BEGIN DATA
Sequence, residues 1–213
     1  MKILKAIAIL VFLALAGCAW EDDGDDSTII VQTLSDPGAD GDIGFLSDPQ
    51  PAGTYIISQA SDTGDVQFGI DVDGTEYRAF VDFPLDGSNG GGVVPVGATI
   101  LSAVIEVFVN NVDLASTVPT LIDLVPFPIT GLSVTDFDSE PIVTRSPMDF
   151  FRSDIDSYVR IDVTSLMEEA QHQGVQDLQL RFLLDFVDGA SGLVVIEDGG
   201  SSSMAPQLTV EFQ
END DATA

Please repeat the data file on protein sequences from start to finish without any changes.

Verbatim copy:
Sequence, residues 1–213
     1  MKILKAIAIL VFLALAGCAW EDDGDDSTII VQTLSDPGAD GDIGFLSDPQ
    51  PAGTYIISQA SDTGDVQFGI DVDGTEYRAF VDFPLDGSNG GGVVPVGATI
   101  LSAVIEVFVN NVDLASTVPT LIDLVPFPIT GLSVTDFDSE PIVTRSPMDF
   151  FRSDIDSYVR IDVTSLMEEA QHQGVQDLQL RFLLDFVDGA SGLVVIEDGG
   201  SSSMAPQLTV EFQ